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Secure Smart Grids. Edward Chow Professor of Computer Science University of Colorado at Colorado Springs. Outline of the Talk. Security Related Projects at UCCS iCTF cyber war competition, you are wanted! Rocky Mountain Secure Smart Grid Initiative.

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secure smart grids

Secure Smart Grids

Edward ChowProfessor of Computer ScienceUniversity of Colorado at Colorado Springs


outline of the talk
Outline of the Talk
  • Security Related Projects at UCCS
    • iCTF cyber war competition, you are wanted!
    • Rocky Mountain Secure Smart Grid Initiative



All UCCS students All levels are welcomeBrand new Blade Server System!!

Come Join U-C-Lion Team Every Monday Night EN101 6:30-7pmiCTF 2009 Competition 12/4 Friday 9am-5pm@SENG A210International Capture The Flag Cyberwar CompetitionVisit U-C-Lion Team Wiki Site: Neat Tricks/Analysis for Cyber Attacks/Defenses

Contact Info: Prof. Edward Chow,

what is smart grid
What is Smart Grid?
  • automated, widely distributed energy delivery network
  • characterized by a two-way flow of electricity and information,
  • capable of monitoring/responding to changes in power plants, customer preferences individual appliances.
  • Enable new opportunities and support innovations:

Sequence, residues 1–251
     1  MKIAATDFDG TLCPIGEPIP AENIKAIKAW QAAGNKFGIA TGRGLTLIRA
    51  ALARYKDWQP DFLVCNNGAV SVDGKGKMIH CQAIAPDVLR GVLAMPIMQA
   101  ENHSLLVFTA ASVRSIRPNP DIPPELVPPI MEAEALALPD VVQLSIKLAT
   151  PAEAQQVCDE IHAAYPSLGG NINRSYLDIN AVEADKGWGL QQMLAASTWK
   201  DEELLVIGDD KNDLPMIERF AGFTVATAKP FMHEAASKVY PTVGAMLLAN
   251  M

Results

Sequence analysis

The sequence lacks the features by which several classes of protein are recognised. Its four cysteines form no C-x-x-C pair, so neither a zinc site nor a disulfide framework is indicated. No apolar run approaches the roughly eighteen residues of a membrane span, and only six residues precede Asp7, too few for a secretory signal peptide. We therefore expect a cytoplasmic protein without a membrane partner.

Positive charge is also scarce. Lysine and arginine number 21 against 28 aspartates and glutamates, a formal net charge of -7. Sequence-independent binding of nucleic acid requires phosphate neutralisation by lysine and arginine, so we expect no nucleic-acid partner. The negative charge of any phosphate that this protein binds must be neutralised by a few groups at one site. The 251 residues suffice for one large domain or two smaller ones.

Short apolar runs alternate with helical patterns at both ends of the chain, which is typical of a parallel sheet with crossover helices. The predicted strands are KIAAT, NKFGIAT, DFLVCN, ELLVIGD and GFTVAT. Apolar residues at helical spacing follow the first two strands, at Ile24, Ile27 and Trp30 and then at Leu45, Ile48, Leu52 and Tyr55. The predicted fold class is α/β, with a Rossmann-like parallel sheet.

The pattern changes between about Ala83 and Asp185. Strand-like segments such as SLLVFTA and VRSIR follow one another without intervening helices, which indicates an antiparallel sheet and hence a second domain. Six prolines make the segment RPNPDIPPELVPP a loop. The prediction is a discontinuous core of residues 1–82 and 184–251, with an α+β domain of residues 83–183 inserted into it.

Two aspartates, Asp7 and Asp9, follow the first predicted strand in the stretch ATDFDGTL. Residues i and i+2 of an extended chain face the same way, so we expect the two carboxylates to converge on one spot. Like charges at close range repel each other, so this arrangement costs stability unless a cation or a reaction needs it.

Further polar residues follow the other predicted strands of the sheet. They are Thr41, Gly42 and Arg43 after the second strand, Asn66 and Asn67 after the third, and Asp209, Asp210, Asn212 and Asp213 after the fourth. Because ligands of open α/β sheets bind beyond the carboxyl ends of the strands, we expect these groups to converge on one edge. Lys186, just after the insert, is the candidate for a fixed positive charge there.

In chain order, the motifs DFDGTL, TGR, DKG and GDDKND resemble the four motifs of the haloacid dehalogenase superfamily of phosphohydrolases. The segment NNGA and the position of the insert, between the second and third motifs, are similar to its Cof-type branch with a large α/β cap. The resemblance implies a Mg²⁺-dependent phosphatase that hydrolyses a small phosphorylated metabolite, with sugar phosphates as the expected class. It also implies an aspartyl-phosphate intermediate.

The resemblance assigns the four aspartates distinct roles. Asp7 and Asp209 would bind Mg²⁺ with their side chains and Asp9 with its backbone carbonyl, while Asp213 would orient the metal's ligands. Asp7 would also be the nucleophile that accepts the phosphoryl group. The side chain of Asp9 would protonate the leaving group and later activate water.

• nationwide use of plug-in hybrid electric vehicles,
    • ability to return stored energy to the grid;
    • seamless integration of renewable energy sources like wind and solar;
    • enabling consumer choice;
    • integration of green building practices with the grid;
    • Large-scale energy storage


local smart grid security
Local Smart Grid Security

Electric/Hybridcar charging station



trans smart grid security
Trans-Smart Grid Security
  • Inter-operabilities:
    • Key Management Systems/KMIP
  • Coordinated Intrusion detection and handling (DDoS attacks)
  • Coordinated disaster recovery and outage management
  • Protect security access to systems providing new smart grid services/feature
    • proposed energy storage system
    • Hybrid/electric charging station (Mutual authentication; authentication of keys issued by different utilities/vendors)


secure smart grid challenges
Secure Smart Grid Challenges
  • Utilization of Internet and related IP and wireless technologies expose the system to easy, remote, extern cyber threats such as DDoS attacks from North Korea.
  • immense areas to be monitored and physically secured.
  • infrastructure security and cyber security need to be addressed.
  • Threats can come from hostile governments, terrorist groups, disgruntled employees, malicious intruders, complexities, accidents, natural disasters as well as malicious or accidental actions by insiders.


what is wrong with this picture
What is wrong with this picture?

Real picture from a SG vendor's brochure:-)


rmssgi security program
RMSSGI Security Program
  • Mission: “Improve the security of national smart grid infrastructure and impact future security standardsfor smart grids through coordinated large scale multi-utilities demo projects.”
  • Program Team Members:
    • Dr. Edward Chow (Cyber Security) Project Co-Lead
    • Dr. Ray Tretcher (Infrastructure Security) Co-Lead.
    • 23 Researchers from MIT Lincoln Lab, Sandia, UCB, UCCS, CSU, DHS, LM, Bell Lab, CS Utilities, Northcom, Merrick, NISSSC
  • See web site:


ssg program concepts
SSG Program Concepts